In 1961, researchers Albert Bandura, Dorothea Ross and Sheila A. Ross published an article in the Journal of Abnormal and Social Psychology titled: “Transmission of Aggression through Imitation of Aggressive Models”. This study helped many begin to understand one of the many aspects of aggression.
In this famous study, the researchers had 36 boys and 36 girls who were in the Stanford University Nursery. These children were between the ages of three to six years. In the experimental design, the children were placed into different groups. Below is a diagram of the groups:
As you can see, the children were either placed in the control group with no adult model, or one of the groups with an aggressive or non-aggressive model. The children placed with the aggressive model watched an adult, either male or female, in a room with toys. In this scenario, the adult was aggressive towards a specific toy, Bobo Doll. The adults would hit Bobo with a hammer, throw it in the air, and say hostile comments toward the inflated clown. The group that had a non-aggressive model, either male or female, watched the adult play with the toys quietly, while they ignored the Bobo Doll. The control group did not have a model to witness either aggressive or non-aggressive behaviors.
After the children had watched the video of the adult’s behavior or not watched for the control group, each of the children were taken individually to a room with appealing toys. However, as soon as each child started to play, the experimenter would enter and say that they needed to use the toys for other children. This part of the experiment was meant to increase aggression in all groups.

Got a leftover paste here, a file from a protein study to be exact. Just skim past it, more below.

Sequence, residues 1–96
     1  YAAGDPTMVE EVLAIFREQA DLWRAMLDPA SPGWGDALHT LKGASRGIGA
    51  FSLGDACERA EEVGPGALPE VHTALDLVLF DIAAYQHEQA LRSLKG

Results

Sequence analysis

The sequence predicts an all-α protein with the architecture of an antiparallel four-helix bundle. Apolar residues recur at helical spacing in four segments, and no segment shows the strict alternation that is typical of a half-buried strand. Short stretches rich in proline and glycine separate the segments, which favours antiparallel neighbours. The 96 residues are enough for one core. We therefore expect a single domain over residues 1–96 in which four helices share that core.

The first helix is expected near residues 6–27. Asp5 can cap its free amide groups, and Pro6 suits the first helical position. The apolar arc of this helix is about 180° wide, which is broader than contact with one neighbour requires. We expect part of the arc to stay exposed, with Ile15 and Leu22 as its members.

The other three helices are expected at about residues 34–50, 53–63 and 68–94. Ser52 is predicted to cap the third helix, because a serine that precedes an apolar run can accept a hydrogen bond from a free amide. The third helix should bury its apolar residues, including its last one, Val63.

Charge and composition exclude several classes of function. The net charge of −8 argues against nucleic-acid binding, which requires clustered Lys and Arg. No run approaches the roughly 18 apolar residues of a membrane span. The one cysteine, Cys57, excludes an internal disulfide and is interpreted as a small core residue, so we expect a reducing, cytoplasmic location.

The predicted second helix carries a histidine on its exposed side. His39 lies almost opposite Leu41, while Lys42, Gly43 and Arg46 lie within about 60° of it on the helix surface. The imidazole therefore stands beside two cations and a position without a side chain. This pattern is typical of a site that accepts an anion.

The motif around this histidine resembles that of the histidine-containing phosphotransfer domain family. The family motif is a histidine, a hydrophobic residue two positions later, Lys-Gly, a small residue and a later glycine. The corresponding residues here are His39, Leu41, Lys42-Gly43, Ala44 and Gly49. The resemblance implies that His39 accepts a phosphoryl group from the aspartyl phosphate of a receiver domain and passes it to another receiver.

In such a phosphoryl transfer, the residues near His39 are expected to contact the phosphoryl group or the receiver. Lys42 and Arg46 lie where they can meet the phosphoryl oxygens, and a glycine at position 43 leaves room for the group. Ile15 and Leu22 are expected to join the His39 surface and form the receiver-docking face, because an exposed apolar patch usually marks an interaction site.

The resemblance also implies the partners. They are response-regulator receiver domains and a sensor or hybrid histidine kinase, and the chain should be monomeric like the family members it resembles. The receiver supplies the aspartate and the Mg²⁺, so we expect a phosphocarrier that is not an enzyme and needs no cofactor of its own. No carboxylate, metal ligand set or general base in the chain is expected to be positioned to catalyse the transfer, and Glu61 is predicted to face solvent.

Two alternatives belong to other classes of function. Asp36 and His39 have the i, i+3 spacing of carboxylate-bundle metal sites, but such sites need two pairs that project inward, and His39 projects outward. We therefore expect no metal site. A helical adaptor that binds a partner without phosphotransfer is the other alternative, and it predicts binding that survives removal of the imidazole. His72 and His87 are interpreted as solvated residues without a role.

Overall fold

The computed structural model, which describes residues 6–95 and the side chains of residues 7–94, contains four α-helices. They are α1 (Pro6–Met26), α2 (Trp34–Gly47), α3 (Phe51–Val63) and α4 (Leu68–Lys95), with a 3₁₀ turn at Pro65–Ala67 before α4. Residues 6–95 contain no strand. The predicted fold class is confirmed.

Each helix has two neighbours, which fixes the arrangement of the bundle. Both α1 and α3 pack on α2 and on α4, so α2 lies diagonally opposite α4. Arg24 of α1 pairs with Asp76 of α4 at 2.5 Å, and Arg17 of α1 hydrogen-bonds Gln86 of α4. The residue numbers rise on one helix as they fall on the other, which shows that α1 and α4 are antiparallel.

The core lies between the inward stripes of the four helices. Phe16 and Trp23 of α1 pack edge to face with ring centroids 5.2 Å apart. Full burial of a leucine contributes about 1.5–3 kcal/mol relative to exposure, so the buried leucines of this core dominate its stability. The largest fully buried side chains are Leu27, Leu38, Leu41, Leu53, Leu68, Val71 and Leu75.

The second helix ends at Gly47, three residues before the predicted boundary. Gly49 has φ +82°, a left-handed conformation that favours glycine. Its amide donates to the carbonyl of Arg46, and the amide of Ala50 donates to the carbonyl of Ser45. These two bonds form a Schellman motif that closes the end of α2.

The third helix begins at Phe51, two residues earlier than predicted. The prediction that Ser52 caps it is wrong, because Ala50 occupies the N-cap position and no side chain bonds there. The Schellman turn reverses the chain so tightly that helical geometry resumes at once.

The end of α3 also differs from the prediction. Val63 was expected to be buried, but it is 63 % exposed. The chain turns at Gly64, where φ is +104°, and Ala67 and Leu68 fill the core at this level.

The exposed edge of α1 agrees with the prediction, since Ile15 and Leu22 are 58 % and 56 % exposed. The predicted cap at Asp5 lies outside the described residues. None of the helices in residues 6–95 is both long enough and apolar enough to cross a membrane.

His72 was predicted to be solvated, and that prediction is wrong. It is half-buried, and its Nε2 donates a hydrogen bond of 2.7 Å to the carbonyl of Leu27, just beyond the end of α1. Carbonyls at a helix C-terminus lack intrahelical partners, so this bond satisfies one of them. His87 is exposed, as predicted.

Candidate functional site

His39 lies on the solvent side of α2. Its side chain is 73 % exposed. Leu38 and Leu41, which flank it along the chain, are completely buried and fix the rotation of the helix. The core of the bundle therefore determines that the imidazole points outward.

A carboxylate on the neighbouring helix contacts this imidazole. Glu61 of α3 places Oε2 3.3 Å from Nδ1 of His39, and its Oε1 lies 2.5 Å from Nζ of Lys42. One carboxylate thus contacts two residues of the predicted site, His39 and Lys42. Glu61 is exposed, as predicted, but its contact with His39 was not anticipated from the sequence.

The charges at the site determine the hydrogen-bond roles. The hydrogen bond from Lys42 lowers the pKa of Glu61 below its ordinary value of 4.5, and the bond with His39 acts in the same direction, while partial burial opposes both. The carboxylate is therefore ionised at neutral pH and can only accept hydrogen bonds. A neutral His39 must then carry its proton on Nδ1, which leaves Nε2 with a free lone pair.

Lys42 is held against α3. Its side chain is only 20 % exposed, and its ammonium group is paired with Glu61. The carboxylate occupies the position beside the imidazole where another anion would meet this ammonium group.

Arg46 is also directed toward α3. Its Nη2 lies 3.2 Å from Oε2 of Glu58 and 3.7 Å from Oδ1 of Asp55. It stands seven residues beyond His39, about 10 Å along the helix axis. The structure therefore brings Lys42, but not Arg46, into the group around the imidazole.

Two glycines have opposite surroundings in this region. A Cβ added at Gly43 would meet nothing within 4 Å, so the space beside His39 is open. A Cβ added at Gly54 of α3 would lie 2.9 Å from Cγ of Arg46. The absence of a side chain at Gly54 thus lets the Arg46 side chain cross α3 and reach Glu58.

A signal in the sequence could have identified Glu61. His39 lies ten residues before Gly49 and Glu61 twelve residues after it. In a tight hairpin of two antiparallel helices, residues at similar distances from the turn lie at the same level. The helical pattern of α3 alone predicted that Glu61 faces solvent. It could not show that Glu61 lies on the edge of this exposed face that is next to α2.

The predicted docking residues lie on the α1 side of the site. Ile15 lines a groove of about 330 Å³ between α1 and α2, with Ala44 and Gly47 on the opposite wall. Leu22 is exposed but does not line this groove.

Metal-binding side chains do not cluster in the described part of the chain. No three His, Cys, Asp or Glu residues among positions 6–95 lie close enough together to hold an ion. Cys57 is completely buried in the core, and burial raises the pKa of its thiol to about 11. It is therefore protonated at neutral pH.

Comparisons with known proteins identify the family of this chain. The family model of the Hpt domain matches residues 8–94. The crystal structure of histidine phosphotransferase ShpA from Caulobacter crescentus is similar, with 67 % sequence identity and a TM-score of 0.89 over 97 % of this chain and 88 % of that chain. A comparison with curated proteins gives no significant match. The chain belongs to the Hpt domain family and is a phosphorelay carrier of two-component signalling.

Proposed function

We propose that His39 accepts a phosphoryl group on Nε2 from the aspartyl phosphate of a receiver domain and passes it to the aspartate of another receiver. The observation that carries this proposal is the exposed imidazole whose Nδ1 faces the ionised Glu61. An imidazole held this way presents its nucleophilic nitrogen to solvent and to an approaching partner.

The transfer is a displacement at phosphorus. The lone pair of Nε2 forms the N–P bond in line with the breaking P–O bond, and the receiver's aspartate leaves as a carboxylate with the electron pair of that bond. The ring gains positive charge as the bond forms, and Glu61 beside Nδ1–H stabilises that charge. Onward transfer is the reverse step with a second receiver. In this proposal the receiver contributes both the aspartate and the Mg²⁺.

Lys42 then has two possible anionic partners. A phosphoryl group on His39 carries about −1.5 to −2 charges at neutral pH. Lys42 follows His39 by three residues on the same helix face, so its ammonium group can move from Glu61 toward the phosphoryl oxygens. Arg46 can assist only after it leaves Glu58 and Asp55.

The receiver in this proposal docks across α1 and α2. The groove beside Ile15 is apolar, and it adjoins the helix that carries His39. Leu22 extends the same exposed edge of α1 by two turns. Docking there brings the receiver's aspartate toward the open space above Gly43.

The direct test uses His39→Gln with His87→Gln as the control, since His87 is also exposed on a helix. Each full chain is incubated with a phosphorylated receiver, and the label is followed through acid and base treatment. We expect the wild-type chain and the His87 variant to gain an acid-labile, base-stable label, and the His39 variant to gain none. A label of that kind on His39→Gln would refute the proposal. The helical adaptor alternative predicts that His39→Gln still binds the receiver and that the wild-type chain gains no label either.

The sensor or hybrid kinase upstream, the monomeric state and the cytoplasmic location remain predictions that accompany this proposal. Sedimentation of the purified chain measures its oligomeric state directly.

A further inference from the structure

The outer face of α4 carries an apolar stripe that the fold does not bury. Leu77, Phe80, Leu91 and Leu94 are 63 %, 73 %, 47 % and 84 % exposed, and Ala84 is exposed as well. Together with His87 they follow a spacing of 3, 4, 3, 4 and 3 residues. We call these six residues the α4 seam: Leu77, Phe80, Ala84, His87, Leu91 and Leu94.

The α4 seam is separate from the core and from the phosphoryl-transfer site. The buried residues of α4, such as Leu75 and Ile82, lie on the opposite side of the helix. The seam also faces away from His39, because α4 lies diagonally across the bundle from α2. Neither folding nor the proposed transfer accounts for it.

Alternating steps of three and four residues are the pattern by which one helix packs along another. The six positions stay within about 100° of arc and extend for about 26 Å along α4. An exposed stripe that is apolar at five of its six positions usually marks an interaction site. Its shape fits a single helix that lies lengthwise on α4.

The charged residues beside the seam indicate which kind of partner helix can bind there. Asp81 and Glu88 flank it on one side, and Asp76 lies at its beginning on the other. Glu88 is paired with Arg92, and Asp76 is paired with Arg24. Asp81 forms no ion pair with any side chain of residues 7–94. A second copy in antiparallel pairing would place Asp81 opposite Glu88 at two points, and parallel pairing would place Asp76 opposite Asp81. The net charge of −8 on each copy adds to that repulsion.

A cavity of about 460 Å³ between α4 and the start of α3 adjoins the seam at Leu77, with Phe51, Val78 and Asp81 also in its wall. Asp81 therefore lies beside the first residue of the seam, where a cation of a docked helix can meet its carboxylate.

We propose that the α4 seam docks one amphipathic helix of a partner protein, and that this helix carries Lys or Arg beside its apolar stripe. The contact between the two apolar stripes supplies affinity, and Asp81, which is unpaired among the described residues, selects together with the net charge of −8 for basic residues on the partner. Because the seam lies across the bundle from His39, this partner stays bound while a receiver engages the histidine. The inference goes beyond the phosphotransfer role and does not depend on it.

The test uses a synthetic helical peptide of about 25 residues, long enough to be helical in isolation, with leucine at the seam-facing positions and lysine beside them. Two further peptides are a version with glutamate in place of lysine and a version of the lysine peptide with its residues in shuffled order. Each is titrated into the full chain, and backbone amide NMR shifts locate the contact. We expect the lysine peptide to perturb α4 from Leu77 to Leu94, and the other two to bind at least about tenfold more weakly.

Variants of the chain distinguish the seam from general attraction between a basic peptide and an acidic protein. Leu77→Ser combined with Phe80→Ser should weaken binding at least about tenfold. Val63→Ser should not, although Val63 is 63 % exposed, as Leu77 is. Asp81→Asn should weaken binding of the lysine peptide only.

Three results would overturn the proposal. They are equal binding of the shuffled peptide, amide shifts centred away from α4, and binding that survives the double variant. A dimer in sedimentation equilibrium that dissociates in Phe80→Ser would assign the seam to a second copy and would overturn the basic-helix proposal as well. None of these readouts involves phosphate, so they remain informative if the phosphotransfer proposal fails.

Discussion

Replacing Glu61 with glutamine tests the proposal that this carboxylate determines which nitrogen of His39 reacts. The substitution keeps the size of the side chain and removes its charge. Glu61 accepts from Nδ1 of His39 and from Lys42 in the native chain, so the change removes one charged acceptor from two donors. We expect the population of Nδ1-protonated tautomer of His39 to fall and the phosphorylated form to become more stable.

Lastly, the children were taken to a similar room that they had witnessed the adult model’s in, depending on their group. The room had both non-aggressive and aggressive toys for the children to play with for 20 minutes, while being observed.
The children who had witnessed an aggressive adult model were significantly more imitative and aggressive that those children who were in the control group or did not witness an aggressive model. This study went on to help support Bandura’s Social Learning Theory, which explains that children learn through watching others, including their caregivers. To hear and see some of the results yourself, watch this video:
For more information or additional resources, check these out:
- Bandura, A., Ross, D. & Ross, S.A. (1961). Transmission of aggression through imitation of aggressive models. Journal of Abnormal and Social Psychology, 63, 575-82.